From: Joseph Troxell (firstname.lastname@example.org)
Date: Tue 08 Apr 1997 - 22:11:20 EEST
Non-humans certainly provide a great flair to the game. One of the most
memorable NPC's I ever encountered was a trollkin who latched onto one of
our party members. Trolls make for great campaign; there is enough detail
out there to let you know how trolls act. I do wish there was something
comparable for elves out there.
I see Peaceful Cut only used by those cultures who worry about the animal's
spirit being resurrected. There are certainly enough animals in Glorantha,
that the many poeple not using Peaceful Cut hasn't destroyed the animal
kingdom. Which means, either their spirits get resurrected regardless, or
there are plenty of new spirits out there waiting to be born. Certainly
Peaceful Cut isn't needed to kill the animal. A domestic animal that you
feed will (in general) be docile towards you. It expects you to have food
each time you come see it. So, it's no problem to hold a hammer behind your
back and when it comes up to you, WHAM!, you've got dinner.
I do like the idea of each culture having "religious" ceremonies that they
perform for nearly everything. Dave Duncan wrote the Seventh Sword series
of books, and I highly recommend them. The main character is a Swordsman,
so if you roleplay a lot of Humakti, it's even better. Each profession has
its own guild, and each guild teaches the holy sutras for that craft
(whether its healing, swordfighting, priest, whatever). I envision much the
same occurs in Glorantha. Bakers have their "religious" ceremonies they
were taught to make the bread rise. Is it really magical? No, probably
not. It doesn't take magic points, but it's not about magic. It's about
doing the ceremony in the right manner. Since brownies are the only thing I
can bake, I'm going to use them as an example and from the Orlanthi and
"Betty Crocker, the faithful priestess of Ernalda taught her followers how
to make this delicious of treats. First, one must melt two ounces of
chocolate and one half cup of butter. The two ounces represents how the
baker must share this treat with another, and the half is the most the baker
may keep. Next, thou shall add one cup of sugar, 2 eggs, and 1 teaspoon of
vanilla. One represents the one Goddess who provides for us.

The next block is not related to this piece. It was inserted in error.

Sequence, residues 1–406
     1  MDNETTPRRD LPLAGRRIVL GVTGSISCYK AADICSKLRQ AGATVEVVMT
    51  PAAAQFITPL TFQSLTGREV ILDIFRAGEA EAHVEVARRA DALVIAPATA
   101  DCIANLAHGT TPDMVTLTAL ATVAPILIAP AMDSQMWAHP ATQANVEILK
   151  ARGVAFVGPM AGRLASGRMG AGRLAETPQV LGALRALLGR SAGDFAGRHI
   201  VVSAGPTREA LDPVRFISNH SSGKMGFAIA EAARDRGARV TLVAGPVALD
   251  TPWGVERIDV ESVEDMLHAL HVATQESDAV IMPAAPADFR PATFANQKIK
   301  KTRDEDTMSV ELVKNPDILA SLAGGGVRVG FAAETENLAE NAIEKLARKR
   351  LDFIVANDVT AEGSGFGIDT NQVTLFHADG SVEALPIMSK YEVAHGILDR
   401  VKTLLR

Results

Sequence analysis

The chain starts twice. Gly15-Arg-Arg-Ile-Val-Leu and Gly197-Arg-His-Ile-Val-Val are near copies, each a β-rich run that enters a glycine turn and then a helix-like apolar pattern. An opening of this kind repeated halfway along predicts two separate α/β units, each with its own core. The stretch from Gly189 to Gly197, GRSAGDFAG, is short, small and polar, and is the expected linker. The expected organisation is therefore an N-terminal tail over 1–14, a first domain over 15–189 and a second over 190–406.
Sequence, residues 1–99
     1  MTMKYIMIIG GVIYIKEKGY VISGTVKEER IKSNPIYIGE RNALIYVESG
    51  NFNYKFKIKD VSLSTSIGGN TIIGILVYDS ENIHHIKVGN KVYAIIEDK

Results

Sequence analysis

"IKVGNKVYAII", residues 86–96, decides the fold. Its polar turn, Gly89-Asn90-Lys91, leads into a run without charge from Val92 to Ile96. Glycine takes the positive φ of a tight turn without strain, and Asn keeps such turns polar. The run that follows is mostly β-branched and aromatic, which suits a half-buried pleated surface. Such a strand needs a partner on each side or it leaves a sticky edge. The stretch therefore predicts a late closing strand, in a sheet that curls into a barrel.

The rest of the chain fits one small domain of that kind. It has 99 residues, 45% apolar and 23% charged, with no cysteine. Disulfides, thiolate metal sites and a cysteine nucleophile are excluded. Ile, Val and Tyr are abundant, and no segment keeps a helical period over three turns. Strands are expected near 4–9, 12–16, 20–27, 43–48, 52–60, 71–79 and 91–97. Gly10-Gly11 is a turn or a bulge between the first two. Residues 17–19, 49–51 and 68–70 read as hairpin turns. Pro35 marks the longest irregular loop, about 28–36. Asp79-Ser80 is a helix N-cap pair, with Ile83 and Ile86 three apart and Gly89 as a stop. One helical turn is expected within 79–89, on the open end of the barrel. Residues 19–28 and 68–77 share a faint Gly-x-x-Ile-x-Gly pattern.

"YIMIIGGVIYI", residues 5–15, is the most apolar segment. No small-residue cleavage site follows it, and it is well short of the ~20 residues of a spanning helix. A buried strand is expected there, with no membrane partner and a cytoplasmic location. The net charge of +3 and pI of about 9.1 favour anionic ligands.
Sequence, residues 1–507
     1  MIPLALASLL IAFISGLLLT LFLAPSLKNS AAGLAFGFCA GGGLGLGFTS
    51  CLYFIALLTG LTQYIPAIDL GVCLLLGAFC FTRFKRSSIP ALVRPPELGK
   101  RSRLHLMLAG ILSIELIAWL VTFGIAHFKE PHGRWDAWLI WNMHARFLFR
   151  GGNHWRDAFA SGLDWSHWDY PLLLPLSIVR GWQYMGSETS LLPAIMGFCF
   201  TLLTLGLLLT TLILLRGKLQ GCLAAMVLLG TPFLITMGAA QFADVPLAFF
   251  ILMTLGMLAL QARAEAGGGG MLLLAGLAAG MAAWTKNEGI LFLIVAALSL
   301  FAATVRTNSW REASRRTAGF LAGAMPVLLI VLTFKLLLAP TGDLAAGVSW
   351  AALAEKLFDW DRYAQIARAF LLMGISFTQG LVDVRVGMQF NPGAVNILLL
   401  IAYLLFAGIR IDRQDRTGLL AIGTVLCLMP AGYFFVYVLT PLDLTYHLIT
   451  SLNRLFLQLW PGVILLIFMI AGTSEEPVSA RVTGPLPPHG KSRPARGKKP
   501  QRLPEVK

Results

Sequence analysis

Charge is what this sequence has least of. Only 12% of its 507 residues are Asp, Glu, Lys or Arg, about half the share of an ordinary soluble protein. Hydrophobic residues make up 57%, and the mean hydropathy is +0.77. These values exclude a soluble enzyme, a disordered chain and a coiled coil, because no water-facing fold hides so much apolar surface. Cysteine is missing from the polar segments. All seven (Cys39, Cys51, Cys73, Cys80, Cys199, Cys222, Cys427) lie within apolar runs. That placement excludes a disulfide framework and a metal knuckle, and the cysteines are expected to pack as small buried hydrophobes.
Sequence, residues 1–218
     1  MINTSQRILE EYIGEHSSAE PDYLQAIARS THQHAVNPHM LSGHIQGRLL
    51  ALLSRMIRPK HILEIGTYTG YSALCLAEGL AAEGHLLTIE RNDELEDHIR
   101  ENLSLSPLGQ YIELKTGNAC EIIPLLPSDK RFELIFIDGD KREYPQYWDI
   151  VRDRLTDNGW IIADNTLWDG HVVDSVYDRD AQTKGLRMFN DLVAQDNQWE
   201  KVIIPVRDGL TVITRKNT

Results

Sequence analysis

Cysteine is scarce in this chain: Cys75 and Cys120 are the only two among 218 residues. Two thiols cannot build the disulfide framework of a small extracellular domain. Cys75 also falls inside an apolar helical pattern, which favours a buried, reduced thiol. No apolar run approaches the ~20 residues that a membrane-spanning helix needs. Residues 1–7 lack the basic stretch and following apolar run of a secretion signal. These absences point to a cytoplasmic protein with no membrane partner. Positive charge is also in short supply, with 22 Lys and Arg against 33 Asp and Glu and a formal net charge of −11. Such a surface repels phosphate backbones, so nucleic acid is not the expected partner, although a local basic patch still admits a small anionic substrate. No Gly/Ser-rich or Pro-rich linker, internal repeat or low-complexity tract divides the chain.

Next, thous adds 1/2 cup of flour and a dash of salt. Then put the mix in
your baking pan and bake in the bread oven until it hardens."
"Ingredients: 1/2 cup butter, 2 ounce chocolate, 1 cup sugar, 2 eggs, 1
teaspoon vanilla, 1/2 cup all-purpose flour, 1/4 teaspoon of salt. Melt
butter and chocolate. Add sugar, egs, vanilla. Stir in flour and salt.
Put in greased 8 inch by 8 inchpan. Bake at 350 degrees for 20-25 minutes.
May add nuts. May increase recipe by keeping same proportions."
Same recipe (and it is a good one, I might add), yet different ways of
describing it. Why? Culture. And, note, the Westerners say you can double
the recipe, but not the Orlanthi. Maybe the standard Orlanthi baking pan is
only 8 inches by 8 inches, so they assume everyone will know what size pan
I remember a story of a woman whose family was poor and could only afford
one baking pan. The pan was square, but not long enough for an entire ham.
If she cut the end off, the ham would fit and there was room enough to put
the end in next to the rest of the ham. She taught her daughter how to bake
a ham in the same pan. Her daughter taught her granddaughter to cut the end
off when baking the ham. Her granddaughter was teaching her great
granddaughter to bake the ham by cutting the end off. The great
granddaughter asked, "Mom, why do you cut off the end?" "I don't know. Let
me call your Grandma." Finally, it got back up to great Grandma who
answered, "I did it that way because it was the only way to fit in the pan I
had to use!" So, a lot of times, traditions get propogated for no good
reason. I see a lot of this happening in Glorantha as well.
Now, I see every culture, and maybe every cult having some of these
"religious" cermonies. Do they have any game effect? No, other than MGF
and roleplaying. For example, my Humakti is positive that no one knows the
best way to care for a sword other than Humaktis. Is it true? Maybe,
probably not. But, don't go suggesting it to him, he'll get mighty offended!
End of Glorantha Digest V4 #324
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